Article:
What Do We Want From The Car Sector Of The Future?

Hello, 2021! We had so many dreams about you when we were growing up. Will there be flying cars like in the Fifth Element? Will I need a driving licence or a flying one to use my car? 

Well, it turns out that 2021 hasn’t quite delivered the flying cars of our dreams. The surge in digital transformations and initiatives has shifted our expectations for vehicles. The car of the future needs to be smart, connected, and, more importantly, covid-safe. 


A contact-less experience

Buying a vehicle exposes individuals to many health risks. Indeed, car dealerships can be crowded places, making it more difficult to avoid airborne viruses and contact with compromised surfaces. Yet, the implementation of a digital way of selling cars that keeps physical interactions to a minimum could be a game-changer for covid-cautious buyers. Car dealerships could implement an online system encouraging touchless shop and trade-in. Most car buyers are already familiar with online vehicle browsing catalogues. But the addition of a touchless purchase or trade-in option can contribute to making the full process digital. 


Better electrical performance

Electric vehicles have grown in performance dramatically. Ford brought the Mustang Mach-E 1400 to the Goodwill Festival of Speed, demonstrating the electrification can bring a completely new level to speed performance. Everyday customers, however, will content themselves with the Puma ST model, which is Ford’s first performance SUV in Europe. Aside from the sporty look and feel, the SUV packs a punch in power, delivering 0-62mph in under 7 seconds. Faster, yes, but without compromising stability and body styling. While not everyone needs a 200PS engine, EVs performance across the board is drawing a fast, eco-friendly, and reliable future for the automobile industry. 


A smart car that drives itself

The driverless car has fully disappeared from the public eye since the start of the pandemic. On the one hand, driverless vehicles would provide an effective response to pandemic anxiety. However, transport consultants agree that perspectives and priorities have changed since the first self-driving trials. As human error is the major cause of road accidents, causing 9 in 10 crashes and collisions, the move to a driverless road experience makes sense. The technology is already there. Reliability in all situations, however, remains a challenge. As the Royal Academy of Engineering explains, gaining the public trust will be one of the major hurdles. Problems with constantly changing technology and tackling cybersecurity issues are stalling the self-driving revolution. Are the cars of the future going to drive themselves? Engineers assure it will be coming soon.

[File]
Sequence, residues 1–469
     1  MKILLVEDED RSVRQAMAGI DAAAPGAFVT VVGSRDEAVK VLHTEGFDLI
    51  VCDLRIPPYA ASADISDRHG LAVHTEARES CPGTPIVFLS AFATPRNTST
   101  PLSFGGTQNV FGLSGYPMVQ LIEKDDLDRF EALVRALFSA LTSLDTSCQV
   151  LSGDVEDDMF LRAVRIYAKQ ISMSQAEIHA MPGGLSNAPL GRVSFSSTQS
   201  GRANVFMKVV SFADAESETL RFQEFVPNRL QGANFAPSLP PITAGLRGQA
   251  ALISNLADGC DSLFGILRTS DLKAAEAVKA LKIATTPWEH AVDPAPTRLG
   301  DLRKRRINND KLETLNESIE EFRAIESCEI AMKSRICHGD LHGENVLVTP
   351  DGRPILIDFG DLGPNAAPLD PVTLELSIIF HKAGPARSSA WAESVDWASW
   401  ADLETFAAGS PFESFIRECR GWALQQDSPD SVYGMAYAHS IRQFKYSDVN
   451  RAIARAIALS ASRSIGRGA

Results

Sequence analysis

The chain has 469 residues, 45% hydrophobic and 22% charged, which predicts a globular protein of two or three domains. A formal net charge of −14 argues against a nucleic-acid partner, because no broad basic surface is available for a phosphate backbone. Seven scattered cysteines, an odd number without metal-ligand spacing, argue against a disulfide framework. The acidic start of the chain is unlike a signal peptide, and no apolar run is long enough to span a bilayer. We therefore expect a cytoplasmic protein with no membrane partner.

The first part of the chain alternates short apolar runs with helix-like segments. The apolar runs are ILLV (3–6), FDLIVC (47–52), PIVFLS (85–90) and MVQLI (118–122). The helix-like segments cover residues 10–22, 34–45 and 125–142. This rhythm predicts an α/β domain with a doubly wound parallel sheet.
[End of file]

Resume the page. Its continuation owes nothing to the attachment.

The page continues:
A full IoT inclusion

If you’ve got fond memories of Knight Rider and his indestructible, AI-controlled KITT, you are probably wondering when cars will be able to access our home IoT. The answer is unclear. However, engineers are quick to point out that IoT integration is only one step away from driverless programming. The car of the future could receive the grocery shopping from your smart fridge, and schedule a trip to the grocery shop on your way back from work. 

In short, flying cars have gone back to their rightful place in sci-fi. The car of the future could deliver itself to your home after you’ve bought it online. It’ll be fully electric and able to join the smart home hub to monitor electricity consumption during charging and run errands when and where necessary. Sounds like a bad sci-fi drama? But, the thing is, we’ve got the technology to make it happen now.